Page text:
Latin Abbreviations: N.B. Meaning, Uses, Examples

A Dollar's Worth of Latin

Close-up of the Latin phrases on an American dollar bill
'Nota bene' is one of several Latin phrases that continue to be used in the modern world. Rouzes/Getty Images

"Now, pay attention!" That's the basic meaning of N.B. — the abbreviated form of the Latin phrase "nota bene" (literally, "note well"). N.B. still appears in some forms of academic writing as a way of steering readers' attention toward something particularly important.


The phrase "nota bene" is Latin and may technically be a shortened form of the phrase "notate bene," which means "note well." The verb notare means "to note." Notate (and, for that matter, nota as well) is a specific conjugation in the imperative mood, indicating that it is a command, not a neutral description of action. The difference between notate and nota is simply a matter of singular versus plural: nota addresses one individual, while notate gives the same instruction to a group of two or more.

Bene is a common Latin adverb that simply means "well." While many Latin words evolved over time to become slightly different words in the various Romance languages (Italian, Spanish, French, and so on), bene is one that still exists: it has the same meaning in contemporary Italian.

Usage of Latin in the Modern Era

Two or three centuries ago, when classical Latin was widely taught in British and American schools, it wasn't unusual for Latin expressions to appear in English prose. For proof, pick up an American dollar bill and look at the Great Seal of the United States on the reverse (or "greenback") side.

There on the left, just above the floating eye and the unfinished pyramid, is the Latin phrase "Annuit Coeptis," loosely translated as "Providence has approved our undertaking." At the base of the pyramid is "MDCCLXXVI" (1776 in Roman numerals) and below that the motto "Novus Ordo Seclorum" ("a new order of the ages"). To the right, on the ribbon in the eagle's beak, is the country's first motto, "E Pluribus Unum," or "one out of many."

Now that's a lot of Latin for a buck! But keep in mind that the Great Seal was approved by Congress way back in 1782. Since 1956 the official motto of the U.S. has been "In God We Trust" — in English.

As the Romans used to say, "Tempora mutantur, nos et mutamur in illis" (Times change, and we change with them).

Nowadays, with a few exceptions (such as A.D., a.m., and p.m.), abbreviations for Latin words and phrases have become rare in ordinary writing. And so our advice regarding most Latin abbreviations (including e.g., etc., et al., and i.e.) is generally to avoid using them when an English word or phrase would do just as well. If you must use them (say in footnotes, bibliographies, and technical lists), consider these guidelines on how to tell them apart and use them correctly.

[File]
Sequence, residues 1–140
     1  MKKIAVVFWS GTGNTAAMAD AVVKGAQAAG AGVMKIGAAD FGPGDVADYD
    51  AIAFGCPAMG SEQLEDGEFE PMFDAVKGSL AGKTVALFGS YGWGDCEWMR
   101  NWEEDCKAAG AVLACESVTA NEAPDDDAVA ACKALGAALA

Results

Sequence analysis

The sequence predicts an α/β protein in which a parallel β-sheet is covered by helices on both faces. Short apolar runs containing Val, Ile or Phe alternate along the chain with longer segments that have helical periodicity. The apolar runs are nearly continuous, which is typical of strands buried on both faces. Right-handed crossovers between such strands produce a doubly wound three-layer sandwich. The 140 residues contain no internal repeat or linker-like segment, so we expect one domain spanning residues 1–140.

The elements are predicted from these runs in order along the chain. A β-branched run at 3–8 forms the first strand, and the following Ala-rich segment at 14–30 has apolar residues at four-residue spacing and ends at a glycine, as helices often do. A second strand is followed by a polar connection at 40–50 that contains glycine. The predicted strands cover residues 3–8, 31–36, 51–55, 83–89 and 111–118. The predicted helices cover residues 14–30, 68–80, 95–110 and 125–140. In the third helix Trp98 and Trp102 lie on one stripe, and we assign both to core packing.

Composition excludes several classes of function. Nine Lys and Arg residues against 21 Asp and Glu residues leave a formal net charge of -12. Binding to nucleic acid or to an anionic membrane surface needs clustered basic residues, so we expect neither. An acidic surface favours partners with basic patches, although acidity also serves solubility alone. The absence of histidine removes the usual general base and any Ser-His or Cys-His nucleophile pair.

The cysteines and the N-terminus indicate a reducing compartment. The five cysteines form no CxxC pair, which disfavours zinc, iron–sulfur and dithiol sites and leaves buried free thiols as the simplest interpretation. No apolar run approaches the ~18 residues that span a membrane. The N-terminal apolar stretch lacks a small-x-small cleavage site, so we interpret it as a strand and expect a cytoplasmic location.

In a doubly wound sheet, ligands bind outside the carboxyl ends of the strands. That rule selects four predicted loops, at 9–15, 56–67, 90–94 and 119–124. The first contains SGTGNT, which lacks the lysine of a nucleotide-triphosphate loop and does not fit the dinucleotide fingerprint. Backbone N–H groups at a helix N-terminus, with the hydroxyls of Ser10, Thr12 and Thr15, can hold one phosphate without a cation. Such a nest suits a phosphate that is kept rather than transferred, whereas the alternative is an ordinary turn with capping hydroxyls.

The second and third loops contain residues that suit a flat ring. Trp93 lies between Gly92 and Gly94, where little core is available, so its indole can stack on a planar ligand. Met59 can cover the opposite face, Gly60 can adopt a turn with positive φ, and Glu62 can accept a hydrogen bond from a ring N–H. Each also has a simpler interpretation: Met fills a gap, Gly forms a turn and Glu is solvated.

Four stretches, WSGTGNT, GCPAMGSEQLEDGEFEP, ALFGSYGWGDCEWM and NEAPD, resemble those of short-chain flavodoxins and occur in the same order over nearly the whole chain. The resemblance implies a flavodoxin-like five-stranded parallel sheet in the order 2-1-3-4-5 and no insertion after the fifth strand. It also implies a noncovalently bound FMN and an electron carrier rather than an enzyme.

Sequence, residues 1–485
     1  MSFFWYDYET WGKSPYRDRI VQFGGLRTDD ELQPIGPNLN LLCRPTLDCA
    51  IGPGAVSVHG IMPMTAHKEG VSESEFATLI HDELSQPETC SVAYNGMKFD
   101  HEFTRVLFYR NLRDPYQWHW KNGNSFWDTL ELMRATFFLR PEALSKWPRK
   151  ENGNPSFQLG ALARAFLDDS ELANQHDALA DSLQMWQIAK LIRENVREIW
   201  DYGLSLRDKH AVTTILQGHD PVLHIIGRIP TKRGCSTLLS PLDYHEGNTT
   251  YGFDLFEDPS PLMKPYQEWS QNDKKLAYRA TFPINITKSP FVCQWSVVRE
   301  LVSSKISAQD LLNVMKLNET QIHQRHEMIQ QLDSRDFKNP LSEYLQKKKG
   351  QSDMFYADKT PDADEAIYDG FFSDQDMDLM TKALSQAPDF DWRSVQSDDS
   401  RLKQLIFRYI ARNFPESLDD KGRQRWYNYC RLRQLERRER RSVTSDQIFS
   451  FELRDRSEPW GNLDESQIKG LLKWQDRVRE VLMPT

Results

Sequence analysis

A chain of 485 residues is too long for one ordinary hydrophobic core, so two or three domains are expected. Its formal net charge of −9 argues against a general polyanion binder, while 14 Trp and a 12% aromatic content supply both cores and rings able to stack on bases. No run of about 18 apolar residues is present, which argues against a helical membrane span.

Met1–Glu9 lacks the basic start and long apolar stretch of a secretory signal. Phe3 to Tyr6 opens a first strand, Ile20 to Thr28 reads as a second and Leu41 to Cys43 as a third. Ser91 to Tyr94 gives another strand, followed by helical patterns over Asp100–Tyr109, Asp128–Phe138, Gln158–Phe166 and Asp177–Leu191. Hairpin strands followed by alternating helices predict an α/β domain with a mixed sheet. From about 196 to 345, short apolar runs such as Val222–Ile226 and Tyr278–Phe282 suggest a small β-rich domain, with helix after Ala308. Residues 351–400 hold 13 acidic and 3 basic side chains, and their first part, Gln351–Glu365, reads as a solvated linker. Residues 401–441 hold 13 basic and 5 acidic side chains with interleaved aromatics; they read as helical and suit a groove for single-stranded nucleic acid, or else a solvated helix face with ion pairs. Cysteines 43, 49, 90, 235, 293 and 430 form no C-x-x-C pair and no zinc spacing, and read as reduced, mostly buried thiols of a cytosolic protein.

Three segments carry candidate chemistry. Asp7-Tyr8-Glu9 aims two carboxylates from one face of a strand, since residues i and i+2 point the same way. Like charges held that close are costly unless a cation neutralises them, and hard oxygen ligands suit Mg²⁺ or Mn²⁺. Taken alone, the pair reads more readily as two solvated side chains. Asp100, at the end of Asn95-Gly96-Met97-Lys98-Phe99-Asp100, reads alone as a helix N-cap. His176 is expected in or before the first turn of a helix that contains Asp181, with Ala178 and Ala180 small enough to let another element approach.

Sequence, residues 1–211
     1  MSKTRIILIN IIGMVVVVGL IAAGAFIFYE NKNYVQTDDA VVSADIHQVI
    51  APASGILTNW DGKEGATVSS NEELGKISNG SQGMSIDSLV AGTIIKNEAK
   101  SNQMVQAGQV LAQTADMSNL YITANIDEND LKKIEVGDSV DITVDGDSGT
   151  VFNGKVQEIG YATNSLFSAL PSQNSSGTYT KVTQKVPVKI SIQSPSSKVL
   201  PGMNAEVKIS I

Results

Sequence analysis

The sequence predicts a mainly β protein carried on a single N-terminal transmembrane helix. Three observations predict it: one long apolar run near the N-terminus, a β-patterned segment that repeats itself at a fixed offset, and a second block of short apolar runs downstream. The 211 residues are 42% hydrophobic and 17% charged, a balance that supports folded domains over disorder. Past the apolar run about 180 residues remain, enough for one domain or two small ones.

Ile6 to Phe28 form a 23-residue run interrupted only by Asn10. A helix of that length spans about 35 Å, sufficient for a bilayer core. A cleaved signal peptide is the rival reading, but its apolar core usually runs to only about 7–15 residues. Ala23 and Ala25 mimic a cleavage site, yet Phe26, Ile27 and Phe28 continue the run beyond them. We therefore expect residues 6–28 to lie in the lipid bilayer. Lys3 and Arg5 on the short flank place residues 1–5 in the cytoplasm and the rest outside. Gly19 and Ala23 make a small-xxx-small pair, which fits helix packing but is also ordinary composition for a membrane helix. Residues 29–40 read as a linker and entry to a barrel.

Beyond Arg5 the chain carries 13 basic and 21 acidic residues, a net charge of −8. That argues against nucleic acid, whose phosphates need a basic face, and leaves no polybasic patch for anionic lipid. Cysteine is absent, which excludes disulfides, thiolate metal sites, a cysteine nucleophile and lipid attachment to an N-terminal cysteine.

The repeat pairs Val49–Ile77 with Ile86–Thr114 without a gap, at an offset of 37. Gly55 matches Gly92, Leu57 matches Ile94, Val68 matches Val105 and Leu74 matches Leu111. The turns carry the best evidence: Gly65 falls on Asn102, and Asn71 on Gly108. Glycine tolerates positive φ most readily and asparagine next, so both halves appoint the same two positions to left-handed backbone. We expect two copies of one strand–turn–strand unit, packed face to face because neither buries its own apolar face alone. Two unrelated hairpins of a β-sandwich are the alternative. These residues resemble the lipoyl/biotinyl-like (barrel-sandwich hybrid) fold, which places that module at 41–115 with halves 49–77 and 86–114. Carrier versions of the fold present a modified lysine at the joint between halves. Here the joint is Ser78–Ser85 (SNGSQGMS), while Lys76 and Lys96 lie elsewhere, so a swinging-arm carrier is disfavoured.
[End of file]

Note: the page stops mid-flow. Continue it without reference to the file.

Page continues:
Examples of Usage

Nota bene is used, in the modern world at least, most frequently in legal writing to draw attention to something specific. It also shows up in academia from time to time, although the simpler, English indicator "note" has largely replaced nota bene or n.b. in these instances. In more recent writing, "n.b." is the most common marking, but it actually was not used at all in the medieval era. Medieval texts have several different nota bene marks: "DM" (which stands for dignum memoria, another Latin phrase that translates as "worth remembering"), various anagrams of the word "nota," or, most amusingly, tiny drawings of a hand (formally called a "manicule" or "index") pointing at the section that needs specific attention.

Outside of legal and technical writing, n.b. is fairly archaic in contemporary English writing. You might still come across formal writing or directions that use it:

  • You will have 60 minutes to complete the test. N.B.: A single 3x5 index card of notes may be used during this exam.
  • The train will depart at 10 a.m. on February 2. N.b: Tickets cannot be exchanged or refunded.

In general, however, when modern writers want their readers to pay close attention to something or not miss an important piece of information, they will use a different phrase. Popular substitutes include "please note" or "important," which still place emphasis on the necessarily information without use of a semi-archaic Latin abbreviation.